26th October 2007 at 01:00
Q. Why does Ofsted give 48 hours' notice of an inspection? We have an impending Ofsted and our school has gone nuts. The 48 hours' notice gives schools the chance to do cosmetic work and it's a joke. Why don't you just turn up on the first day and inspect, then schools have to be ready all the time. Does this not seem more logical?

A. The amount of notice of inspection has reduced steadily over the years. As you say, it is now usually just two days. I was not privy to the plans for the current inspection system, but I imagine the thinking was that two days' notice was considered to be a practical minimum in most circumstances. It avoids, for example, inspectors turning up at a school to find that the day has been designated as a training day. Of course, schools want to show themselves at their best, but I doubt there is a lot of scope for major cosmetic work - unlike the "old days" when schools had literally months of warning about an impending inspection. When the current system was introduced in September 2005, Ofsted reserved the possibility that inspectors might turn up without any notice at all. That is still a possibility. Q Our key stage 2 Sats weren't back when my school was inspected but inspectors looked at the results of our teacher assessments. When our Sats came in, there were more level 5s than we expected and results were better than our teacher assessments. We sent the inspectors copies of the Sats results but they did not change their judgments. Should we complain?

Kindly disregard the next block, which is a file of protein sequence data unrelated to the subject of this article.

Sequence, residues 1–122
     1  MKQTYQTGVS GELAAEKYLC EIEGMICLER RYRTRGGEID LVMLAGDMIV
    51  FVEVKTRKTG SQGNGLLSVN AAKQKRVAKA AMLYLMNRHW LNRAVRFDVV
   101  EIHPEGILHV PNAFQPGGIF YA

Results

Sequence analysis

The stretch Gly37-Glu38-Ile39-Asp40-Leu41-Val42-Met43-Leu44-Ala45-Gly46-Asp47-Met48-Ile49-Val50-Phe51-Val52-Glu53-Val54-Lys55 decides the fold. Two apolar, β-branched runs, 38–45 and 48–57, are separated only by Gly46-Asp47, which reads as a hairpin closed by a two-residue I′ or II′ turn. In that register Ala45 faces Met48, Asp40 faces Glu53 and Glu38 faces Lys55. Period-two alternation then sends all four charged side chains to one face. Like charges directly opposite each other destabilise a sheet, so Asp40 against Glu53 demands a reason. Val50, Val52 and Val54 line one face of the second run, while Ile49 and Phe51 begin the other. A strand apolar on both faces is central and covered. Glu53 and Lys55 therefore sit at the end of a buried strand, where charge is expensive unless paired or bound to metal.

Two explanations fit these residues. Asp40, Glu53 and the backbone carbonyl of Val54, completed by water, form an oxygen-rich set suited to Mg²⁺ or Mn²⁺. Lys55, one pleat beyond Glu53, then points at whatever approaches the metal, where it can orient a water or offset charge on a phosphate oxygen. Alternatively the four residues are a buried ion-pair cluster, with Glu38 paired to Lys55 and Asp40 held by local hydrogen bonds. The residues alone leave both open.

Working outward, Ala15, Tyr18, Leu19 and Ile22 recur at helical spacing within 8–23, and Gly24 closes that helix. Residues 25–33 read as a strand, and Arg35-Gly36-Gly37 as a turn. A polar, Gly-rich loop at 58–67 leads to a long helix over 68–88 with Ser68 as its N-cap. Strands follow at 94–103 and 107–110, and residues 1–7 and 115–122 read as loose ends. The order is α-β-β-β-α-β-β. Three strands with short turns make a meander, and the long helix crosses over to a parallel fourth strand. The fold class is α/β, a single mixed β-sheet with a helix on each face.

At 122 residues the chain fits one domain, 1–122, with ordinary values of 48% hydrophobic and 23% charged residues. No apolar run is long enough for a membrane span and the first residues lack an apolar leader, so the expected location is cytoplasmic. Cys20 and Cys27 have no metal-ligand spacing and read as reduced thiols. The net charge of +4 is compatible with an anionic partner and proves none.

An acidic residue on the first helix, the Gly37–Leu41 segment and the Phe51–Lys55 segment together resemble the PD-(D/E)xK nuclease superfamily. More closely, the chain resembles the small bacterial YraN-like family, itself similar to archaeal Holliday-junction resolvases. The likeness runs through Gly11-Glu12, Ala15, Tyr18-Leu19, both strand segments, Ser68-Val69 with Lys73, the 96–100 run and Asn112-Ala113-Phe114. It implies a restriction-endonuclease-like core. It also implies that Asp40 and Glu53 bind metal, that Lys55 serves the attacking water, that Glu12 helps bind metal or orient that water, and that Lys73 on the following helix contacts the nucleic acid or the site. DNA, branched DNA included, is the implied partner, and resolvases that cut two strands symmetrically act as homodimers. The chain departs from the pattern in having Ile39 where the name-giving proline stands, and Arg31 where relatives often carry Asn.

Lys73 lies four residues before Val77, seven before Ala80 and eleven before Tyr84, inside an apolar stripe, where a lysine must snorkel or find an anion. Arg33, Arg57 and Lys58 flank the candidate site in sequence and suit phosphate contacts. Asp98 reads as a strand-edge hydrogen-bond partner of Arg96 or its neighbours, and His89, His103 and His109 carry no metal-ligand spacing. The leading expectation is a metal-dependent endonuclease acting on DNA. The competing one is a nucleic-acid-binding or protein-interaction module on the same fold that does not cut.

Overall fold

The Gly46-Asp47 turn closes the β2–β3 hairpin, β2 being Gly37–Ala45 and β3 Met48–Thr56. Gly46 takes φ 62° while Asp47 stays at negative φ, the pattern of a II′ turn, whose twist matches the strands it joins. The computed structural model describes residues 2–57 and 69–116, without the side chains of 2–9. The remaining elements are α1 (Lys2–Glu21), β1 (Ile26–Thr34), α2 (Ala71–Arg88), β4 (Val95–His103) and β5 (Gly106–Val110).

A. Inspectors can only look at the evidence available to them at the time of the inspection. It sounds from your account as if they acted properly, looking not merely at past years' Sats but at the most up-to-date evidence you had to offer on how well the pupils were doing. It is good news that, when they arrived, the Sats exceeded your expectations, but I don't think it would be reasonable to expect inspectors to change their judgments because of further evidence that was not available to them at the time of the inspection. Think how angry schools would be if weaker than expected Sats arriving after the inspection meant inspectors revisited grades and revised them downwards

Selwyn Ward draws on years of inspection experience. The views expressed here are his own. To ask him a question, contact him at regularly answers your Ofsted questions on our forums at

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